Further evidence of the success of the National HPV Immunisation programme in England

Guest blog post by: David Mesher, Public Health England

The National HPV Immunisation Programme

The National HPV Immunisation Programme was introduced in England in 2008, initially using the bivalent (HPV16/18) vaccine. Routine vaccination was offered to 12-13 year olds, almost entirely delivered at schools. A catch-up campaign for all girls up to age 18 years old was offered in the first two years of the programme (delivered at schools and primary care settings). The HPV Immunisation Programme is expected to lead to substantial declines in the incidence of cervical cancer and other HPV-related diseases. However, these declines weren’t expected to be seen until many years after the start of the programme given the long duration between HPV infection and the development of cervical cancer. A previous post on this blog describes why it is probably still too early to see the effect of HPV vaccination leading to declining trends in cervical cancer in England.

Therefore, as an earlier indicator of the impact of the National HPV Immunisation Programme, Public Health England (PHE) has compared trends in the prevalence of HPV infection over time since the start of the programme among 16-24 year old women. Our latest publication in the Journal of Infectious Diseases presented surveillance results to the end of 2016, which included samples collected from over 15,000 women.

HPV vaccine-type infections reduced by an impressive 86%

The paper demonstrated that HPV 16/18 infections in women aged 16-21 (who were eligible for HPV vaccination as adolescents) decreased by 86% between 2010 and 2016. As well as seeing a significant reduction in HPV type 16 and 18 that cause around 80% of cervical cancers, the study also showed clear declines in the prevalence of HPV31, HPV33 and HPV45. These types aren’t included in the vaccine which demonstrates clear evidence of a substantial cross-protection affect against these closely related HPV types. These five high-risk HPV types combined cause around 90% of cervical cancer cases.

No evidence that other HPV types are becoming more common

A theoretical concern was that reductions in these HPV types may lead to other HPV types becoming more common. Reassuringly, the results of this surveillance do not support this theory as the prevalence of other high-risk HPV types remained relatively constant over this time period.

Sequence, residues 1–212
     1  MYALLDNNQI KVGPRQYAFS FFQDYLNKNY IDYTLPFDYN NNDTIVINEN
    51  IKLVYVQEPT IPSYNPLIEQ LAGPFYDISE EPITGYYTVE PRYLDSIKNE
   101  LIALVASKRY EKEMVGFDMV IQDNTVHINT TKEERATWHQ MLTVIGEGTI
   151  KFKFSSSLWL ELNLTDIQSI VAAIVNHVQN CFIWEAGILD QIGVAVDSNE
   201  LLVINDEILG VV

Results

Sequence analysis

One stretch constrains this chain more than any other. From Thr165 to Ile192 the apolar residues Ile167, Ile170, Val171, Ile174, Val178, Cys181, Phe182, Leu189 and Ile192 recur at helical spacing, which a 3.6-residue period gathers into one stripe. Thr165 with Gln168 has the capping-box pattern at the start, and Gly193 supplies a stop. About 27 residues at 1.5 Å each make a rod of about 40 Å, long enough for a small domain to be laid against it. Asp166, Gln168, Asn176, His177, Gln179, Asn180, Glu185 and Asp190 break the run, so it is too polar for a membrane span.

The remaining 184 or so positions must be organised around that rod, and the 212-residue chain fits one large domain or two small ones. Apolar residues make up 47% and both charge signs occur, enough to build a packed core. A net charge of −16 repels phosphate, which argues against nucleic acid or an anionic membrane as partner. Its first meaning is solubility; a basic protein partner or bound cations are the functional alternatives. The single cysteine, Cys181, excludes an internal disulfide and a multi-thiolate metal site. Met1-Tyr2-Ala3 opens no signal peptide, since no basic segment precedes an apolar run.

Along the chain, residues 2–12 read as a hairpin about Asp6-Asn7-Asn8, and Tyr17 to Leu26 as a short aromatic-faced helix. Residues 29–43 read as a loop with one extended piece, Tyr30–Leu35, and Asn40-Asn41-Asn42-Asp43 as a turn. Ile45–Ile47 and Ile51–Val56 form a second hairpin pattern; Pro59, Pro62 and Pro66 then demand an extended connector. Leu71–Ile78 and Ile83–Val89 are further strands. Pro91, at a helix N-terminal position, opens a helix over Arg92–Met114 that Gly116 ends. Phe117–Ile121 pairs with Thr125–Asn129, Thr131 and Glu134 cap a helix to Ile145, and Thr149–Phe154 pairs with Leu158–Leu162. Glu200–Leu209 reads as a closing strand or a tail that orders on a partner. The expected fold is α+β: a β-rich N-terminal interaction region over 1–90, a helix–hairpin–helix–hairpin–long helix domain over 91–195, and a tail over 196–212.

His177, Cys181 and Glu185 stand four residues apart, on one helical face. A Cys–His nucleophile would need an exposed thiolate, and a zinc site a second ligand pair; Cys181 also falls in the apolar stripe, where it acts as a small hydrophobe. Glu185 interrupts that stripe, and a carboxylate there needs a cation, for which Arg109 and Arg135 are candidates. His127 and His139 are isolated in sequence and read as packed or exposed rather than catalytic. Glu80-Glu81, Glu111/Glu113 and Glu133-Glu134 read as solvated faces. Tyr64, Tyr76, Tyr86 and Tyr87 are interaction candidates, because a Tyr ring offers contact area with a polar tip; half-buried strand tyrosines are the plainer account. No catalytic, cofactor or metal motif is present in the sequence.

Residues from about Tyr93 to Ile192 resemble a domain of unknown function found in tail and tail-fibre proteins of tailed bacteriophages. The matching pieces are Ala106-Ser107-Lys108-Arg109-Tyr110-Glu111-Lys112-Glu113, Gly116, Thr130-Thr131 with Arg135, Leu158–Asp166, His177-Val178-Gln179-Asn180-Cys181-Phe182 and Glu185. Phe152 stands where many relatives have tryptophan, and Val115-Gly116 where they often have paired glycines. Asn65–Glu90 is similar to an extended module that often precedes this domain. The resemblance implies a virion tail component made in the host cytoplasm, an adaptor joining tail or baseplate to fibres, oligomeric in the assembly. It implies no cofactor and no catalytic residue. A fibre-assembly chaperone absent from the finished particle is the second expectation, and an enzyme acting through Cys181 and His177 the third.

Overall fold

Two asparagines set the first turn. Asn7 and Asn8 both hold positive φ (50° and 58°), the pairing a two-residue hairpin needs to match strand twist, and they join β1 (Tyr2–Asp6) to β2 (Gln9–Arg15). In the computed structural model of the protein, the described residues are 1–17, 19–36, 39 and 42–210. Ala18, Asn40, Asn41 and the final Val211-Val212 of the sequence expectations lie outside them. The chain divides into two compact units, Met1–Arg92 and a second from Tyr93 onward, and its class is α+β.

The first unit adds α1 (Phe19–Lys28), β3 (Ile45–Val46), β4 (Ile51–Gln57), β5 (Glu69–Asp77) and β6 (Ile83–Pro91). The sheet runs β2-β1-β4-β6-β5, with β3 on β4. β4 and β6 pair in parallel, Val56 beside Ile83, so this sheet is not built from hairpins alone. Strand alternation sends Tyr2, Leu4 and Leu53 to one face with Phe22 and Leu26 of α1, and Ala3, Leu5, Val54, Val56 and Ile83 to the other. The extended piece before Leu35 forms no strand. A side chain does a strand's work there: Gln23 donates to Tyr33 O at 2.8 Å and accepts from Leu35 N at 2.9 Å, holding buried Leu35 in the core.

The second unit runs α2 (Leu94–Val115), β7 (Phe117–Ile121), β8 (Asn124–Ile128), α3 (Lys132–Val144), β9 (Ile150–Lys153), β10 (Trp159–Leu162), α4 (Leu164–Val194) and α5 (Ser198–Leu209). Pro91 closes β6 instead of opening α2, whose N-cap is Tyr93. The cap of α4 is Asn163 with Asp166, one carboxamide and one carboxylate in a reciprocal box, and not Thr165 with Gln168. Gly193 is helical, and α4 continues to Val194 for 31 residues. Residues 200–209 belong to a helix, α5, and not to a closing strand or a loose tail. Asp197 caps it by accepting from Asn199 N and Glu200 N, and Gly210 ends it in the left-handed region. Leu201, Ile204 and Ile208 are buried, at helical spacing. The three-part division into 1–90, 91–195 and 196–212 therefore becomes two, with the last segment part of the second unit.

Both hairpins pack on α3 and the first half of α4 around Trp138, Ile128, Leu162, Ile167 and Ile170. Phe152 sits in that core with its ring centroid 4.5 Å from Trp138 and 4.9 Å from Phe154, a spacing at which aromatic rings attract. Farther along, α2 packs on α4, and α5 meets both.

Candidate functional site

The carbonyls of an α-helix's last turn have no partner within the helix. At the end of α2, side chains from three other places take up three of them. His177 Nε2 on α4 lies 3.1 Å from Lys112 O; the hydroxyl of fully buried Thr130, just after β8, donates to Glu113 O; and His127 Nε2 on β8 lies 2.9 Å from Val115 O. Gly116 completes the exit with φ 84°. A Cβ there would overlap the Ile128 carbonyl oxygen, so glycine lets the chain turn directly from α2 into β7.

Figure 1: Age-specific prevalence of human papillomavirus (HPV) infection by year of birth. Women born before 1990 were not offered vaccination. Women born since 1994 had high uptake of HPV vaccination. Note that the year of birth was estimated by year of sample collection minus mid-age of age-group and is therefore not exact. Adapted from Figure 1 of Mesher et al 2018.

In a proportion of women with a known vaccination status, it was also possible to conduct two additional analyses. Firstly, we compared the prevalence of HPV infection in vaccinated women with unvaccinated women to calculate the vaccine-effectiveness.  Secondly, we could look at changes in the prevalence of HPV in women known to be unvaccinated to look for evidence of a herd protection effect (where unvaccinated people are indirectly protected from HPV infection).

The vaccine-effectiveness against HPV16/18 infection was 82.0% (95% confidence interval (CI); 60.6%-91.8%) for women vaccinated <15 years old. As expected, this was lower for women vaccinated at age 15-17 years old (48.7% (95% CI; 20.8%-66.8%)) as these women may have already been infected with HPV at the time of vaccination. For HPV31/33/45 infections, the vaccine-effectiveness was 54.3% (95% CI; 8.6%-77.2%) and 36.7% (95% CI; -3.4%-61.2%) for those vaccinated <15 years old and 15-17 years old respectively.

In 16-21-year-old women, the prevalence of HPV16/18 infection in unvaccinated women reduced over time from 15.9% in 2010-2011 to 6.9% in 2014-2016. Importantly, this prevalence was lower than the prevalence of HPV16/18 infection prior to the introduction of national vaccination which suggests that a HPV vaccination programme with high-coverage is offering herd protection to unvaccinated women and, by implication, also to heterosexual men. This also highlights the importance of maintaining high vaccination rates to reduce the spread of this preventable infection.

In conclusion, these results show that within eight years of introducing the National HPV Immunisation Programme, there is a substantial reduction of infections with HPV vaccine-types and closely related HPV-types. This provides further reassurance that the high-coverage HPV vaccination programme in England will almost certainly lead to large reductions in cervical cancer in the future.

You may be interested in this related content: HPV vaccine in Scotland

The views expressed are those of the author. Posting of the blog does not signify that the Cancer Prevention Group endorse those views or opinions.

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5 Trackbacks / Pingbacks

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